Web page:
By Subash Mohapatra
BHUBANESWAR: It seems that the lawmakers themselves break the law of the land. In a blatant case of Dillip Kumar Tirkey, a former national hockey player and a member of Parliament from Biju Janata Dal (BJD) in the Upper house, Rajya Sabha from Sundargarh, Odisha, it is evidently clear that Tirkey, not only held back the expense details from the election Commission, a mandatory procedure for all candidates fighting the Lok Sabha Elections but also got away without being punished from the competent authorities.
A case, in which the MP Tirkey could have been debarred from holding any elected seat.
Dilip Kumar Tirkey hailing from Sundargarh, Odisha is a former Indian hockey player who on 22 March 2012, was elected unopposed to the Rajya Sabha as one of the Biju Janata Dal (BJD) candidates to the Upper House of Indian Parliament. Tirki unsuccessfully contested the Loksabha Election held in the month of May, 2014.
According to the law, though Tirkey lost the elections, was bound to submit his account statement of election expenditure to the Election Commission of India within 30 days after the elections are over through the District Electoral officer (DEO) on or before June 16, 2014.
Surprisingly, Tirkey, never approached the DEO nor submitted any details of his election expenditure within the stipulated date.
Apart from this, it is the duty of the District Electoral Officer to make the account statement available for public viewing. But in this case, till date Dilip Tirki’s account statement is missing from the public domain.
As Tirki did not submit his expenditure details, on November 12, 2014, the Election Commission of India (ECI) issued show cause notice to Dilip Kumar Tirkey. Through the notice, the Election Commission directed Tirkey to submit his expenditure details within 20 days. But Tirkey took around 50 days to reply back and submit his expenditure details only on Jan 7, 2015 in blatant violation of the norms and guidelines laid down by the ECI regarding his non compliance with Sec.77 and 78 of the REPRESENTATION OF PEOPLE ACT 1951.
Moreover, when a request was made to the Chief Electoral Officer, Odisha on July 2, 2016, to get a copy of the show cause notice and its subsequent reply, it was turned down for the reasons best known to them.
Moreover, as there was no satisfactory reply from the District Election Officer, regarding non posting of the expenditure details of Tirkey on the public domain, another request was made to the ECI on June 29, 2016 demanding stringent action against the defaulting Rajya Sabha MP Dilip Tirkey as per the law.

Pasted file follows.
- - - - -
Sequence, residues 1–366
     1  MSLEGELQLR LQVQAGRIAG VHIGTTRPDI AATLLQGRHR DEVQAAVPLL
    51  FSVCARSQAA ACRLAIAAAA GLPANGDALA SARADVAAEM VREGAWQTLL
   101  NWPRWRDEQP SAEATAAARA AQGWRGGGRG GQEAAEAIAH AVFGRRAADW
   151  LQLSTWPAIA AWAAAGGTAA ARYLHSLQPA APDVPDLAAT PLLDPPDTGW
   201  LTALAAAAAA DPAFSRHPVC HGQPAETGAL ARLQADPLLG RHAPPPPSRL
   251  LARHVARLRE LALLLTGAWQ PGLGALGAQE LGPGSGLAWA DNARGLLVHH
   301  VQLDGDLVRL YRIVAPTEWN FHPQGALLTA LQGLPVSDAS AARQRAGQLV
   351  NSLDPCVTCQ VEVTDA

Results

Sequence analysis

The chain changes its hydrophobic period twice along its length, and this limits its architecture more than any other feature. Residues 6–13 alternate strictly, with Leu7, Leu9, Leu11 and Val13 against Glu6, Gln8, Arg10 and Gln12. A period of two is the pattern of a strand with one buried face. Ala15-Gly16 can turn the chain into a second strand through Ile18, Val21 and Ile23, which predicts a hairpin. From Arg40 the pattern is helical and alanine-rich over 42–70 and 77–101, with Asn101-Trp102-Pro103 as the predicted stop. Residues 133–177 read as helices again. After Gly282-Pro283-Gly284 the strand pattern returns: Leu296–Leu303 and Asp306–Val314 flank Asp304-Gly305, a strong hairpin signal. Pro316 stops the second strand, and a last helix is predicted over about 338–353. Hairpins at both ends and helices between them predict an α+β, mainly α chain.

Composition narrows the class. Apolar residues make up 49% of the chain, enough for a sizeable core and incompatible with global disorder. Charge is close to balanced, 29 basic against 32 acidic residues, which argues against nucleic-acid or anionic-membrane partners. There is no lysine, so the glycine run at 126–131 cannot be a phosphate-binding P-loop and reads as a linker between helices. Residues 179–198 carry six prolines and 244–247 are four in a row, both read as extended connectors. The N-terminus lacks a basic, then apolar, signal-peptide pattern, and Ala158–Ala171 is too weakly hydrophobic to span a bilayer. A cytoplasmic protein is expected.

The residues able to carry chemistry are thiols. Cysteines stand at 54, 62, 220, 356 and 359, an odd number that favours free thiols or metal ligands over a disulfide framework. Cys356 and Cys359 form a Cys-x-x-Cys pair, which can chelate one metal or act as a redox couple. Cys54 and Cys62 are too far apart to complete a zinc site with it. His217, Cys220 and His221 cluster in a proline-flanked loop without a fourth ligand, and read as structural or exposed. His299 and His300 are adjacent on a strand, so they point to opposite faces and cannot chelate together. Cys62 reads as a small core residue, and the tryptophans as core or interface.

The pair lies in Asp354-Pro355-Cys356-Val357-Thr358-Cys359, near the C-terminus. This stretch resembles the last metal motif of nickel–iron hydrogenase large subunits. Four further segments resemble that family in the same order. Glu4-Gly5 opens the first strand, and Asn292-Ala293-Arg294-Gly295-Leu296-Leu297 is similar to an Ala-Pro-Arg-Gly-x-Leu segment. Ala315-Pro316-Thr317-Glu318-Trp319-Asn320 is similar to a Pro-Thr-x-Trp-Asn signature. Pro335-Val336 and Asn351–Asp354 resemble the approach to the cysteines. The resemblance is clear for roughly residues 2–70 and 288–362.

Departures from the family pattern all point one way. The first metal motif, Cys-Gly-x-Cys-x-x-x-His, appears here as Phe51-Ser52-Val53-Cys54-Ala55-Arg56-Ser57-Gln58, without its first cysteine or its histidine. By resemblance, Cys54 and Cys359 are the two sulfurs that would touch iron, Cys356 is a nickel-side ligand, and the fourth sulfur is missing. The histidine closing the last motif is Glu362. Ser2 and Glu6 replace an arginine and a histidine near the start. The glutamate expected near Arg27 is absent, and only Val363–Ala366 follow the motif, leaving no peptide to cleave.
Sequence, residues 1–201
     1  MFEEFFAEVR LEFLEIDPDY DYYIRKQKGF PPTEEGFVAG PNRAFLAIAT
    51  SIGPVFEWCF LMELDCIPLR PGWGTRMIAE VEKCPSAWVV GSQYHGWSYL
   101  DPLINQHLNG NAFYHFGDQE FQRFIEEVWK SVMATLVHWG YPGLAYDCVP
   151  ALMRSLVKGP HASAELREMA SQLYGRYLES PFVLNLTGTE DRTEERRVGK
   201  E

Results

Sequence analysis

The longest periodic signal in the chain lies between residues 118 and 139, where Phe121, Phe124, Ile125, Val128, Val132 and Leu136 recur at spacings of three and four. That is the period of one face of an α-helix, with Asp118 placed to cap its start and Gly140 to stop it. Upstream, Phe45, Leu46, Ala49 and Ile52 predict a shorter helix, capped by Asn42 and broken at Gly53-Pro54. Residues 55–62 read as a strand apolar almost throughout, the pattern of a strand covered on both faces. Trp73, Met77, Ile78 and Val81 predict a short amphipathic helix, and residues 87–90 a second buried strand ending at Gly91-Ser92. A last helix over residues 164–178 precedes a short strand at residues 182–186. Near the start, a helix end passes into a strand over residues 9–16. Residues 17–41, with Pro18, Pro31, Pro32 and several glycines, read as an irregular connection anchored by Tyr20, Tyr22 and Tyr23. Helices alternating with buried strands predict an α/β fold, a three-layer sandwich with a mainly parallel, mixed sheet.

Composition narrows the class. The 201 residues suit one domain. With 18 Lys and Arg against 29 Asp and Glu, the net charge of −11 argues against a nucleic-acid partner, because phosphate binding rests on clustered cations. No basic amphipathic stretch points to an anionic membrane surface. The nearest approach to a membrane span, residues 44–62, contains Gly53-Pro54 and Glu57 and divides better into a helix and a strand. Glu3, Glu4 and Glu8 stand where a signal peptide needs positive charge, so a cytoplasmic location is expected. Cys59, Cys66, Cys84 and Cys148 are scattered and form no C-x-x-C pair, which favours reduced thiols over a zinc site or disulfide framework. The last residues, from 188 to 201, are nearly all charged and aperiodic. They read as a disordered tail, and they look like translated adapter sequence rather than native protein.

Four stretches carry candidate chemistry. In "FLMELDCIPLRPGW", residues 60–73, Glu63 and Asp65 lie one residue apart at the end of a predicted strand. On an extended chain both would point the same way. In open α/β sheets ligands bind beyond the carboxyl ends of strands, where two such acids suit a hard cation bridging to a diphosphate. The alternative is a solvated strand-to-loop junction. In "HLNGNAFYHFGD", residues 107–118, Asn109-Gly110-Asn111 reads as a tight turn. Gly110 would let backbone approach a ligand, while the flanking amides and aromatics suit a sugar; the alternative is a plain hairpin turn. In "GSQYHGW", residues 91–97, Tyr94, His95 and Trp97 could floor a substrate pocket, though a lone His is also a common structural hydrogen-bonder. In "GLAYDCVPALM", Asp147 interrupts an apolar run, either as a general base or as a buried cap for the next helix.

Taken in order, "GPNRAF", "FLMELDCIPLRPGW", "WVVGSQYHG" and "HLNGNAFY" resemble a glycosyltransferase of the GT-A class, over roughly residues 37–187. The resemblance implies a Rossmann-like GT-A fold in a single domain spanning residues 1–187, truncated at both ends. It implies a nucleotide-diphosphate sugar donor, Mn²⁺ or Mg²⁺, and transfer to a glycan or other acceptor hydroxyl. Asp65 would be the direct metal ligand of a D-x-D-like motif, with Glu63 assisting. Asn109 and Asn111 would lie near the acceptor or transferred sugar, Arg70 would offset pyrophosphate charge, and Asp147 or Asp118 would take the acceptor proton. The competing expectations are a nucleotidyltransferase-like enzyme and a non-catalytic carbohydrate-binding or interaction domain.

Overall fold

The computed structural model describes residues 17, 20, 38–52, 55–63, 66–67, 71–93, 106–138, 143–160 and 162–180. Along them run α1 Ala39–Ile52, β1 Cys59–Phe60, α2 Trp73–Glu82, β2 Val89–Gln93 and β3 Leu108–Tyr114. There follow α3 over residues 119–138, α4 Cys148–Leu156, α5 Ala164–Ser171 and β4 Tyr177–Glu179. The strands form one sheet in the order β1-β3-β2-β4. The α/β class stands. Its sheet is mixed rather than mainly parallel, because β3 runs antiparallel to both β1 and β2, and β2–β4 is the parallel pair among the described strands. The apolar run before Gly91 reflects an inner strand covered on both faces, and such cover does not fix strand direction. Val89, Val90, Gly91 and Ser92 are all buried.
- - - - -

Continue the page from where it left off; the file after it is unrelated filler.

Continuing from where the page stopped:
A request for action on the Rajya Sabha MP was sought to the ECI stating therein that a candidate who has been called upon to show cause is required to submit the accounts within twenty days of the receipt of the notice from the ECI in writing to the Commission and he should also at the same time send the same to the District Election Officer (Returning Officer) in the case of Union Territories a copy of the representation together with a complete account of his election expenses, if he has not already furnished such account. But in the case of Dilip Kumar Tirkey, the District authorities have not yet made public the above information as mandated under law.
It is surprised how the ECI allowed such gross violation without taking stringent action as per law. The call-for-action letter further urged the ECI to recall the order and take measures for penalty for failure to lodge returns of election expenses in time and for adopting procedure for disqualification of Dilip Kumar Tirkey.
The ECI registered the complaint bearing ID No. OR/3/468159 which was required to be disposed of within 2 days as per the information available on the web portal of ECI.
It is pertinent to mention here that on December 1, 1998, the Supreme Court of India, through a judgement in the case of L.R. Shivaramagowda Etc vs T.M. Chandrashekar (D) and others in an Appeal (civil) 4272 of 1991, in para 22 clearly says that: Rule 89 provides that the District Election Officer shall report to the Election Commission, the name of each contesting candidate, whether such candidate has lodged his account of election expenses and if so the date on which such account has been lodged and whether in his opinion such account has been lodged within the time and in the manner required by the Act and the rules.
That Rule enables the Election Commission to decide whether a contesting candidate has failed to lodge his account of election expenses within the time and in the manner required by the Act after adopting the procedure mentioned therein. If an account is found to be incorrect or untrue by the Election Commission after enquiry under Rule 89, it could be held that the candidate had failed to lodge his account within the meaning of Section 10(A’) and the Election Commission may disqualify the said person.
In this case, Tirkey, the MP did not submit his lodge his account at all, within the stipulated time.
When Tirkey was tried to be contacted for his version, he neither picked up the phone nor replied to the e mail sent to him.